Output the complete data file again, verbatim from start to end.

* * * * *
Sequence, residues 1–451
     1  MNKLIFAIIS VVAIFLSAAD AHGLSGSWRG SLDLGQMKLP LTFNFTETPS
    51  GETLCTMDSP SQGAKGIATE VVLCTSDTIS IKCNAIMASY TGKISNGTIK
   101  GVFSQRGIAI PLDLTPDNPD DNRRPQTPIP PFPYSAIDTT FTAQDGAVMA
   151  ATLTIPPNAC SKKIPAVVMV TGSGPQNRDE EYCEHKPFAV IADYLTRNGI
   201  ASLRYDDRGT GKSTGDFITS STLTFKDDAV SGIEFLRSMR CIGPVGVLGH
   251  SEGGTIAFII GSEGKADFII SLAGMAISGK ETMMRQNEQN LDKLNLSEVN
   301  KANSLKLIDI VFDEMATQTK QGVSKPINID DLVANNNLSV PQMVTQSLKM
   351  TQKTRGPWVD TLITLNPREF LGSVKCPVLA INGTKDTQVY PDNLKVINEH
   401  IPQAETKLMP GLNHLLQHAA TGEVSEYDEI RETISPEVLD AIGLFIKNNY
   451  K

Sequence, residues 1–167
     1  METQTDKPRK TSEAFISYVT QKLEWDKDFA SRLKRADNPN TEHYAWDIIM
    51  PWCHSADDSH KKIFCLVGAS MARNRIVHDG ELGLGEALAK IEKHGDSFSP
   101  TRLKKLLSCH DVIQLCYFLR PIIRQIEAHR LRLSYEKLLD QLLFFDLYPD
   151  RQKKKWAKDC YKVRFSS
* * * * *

Sequence, residues 1–451
     1  MNKLIFAIIS VVAIFLSAAD AHGLSGSWRG SLDLGQMKLP LTFNFTETPS
    51  GETLCTMDSP SQGAKGIATE VVLCTSDTIS IKCNAIMASY TGKISNGTIK
   101  GVFSQRGIAI PLDLTPDNPD DNRRPQTPIP PFPYSAIDTT FTAQDGAVMA
   151  ATLTIPPNAC SKKIPAVVMV TGSGPQNRDE EYCEHKPFAV IADYLTRNGI
   201  ASLRYDDRGT GKSTGDFITS STLTFKDDAV SGIEFLRSMR CIGPVGVLGH
   251  SEGGTIAFII GSEGKADFII SLAGMAISGK ETMMRQNEQN LDKLNLSEVN
   301  KANSLKLIDI VFDEMATQTK QGVSKPINID DLVANNNLSV PQMVTQSLKM
   351  TQKTRGPWVD TLITLNPREF LGSVKCPVLA INGTKDTQVY PDNLKVINEH
   401  IPQAETKLMP GLNHLLQHAA TGEVSEYDEI RETISPEVLD AIGLFIKNNY
   451  K

Sequence, residues 1–167
     1  METQTDKPRK TSEAFISYVT QKLEWDKDFA SRLKRADNPN TEHYAWDIIM
    51  PWCHSADDSH KKIFCLVGAS MARNRIVHDG ELGLGEALAK IEKHGDSFSP
   101  TRLKKLLSCH DVIQLCYFLR PIIRQIEAHR LRLSYEKLLD QLLFFDLYPD
   151  RQKKKWAKDC YKVRFSS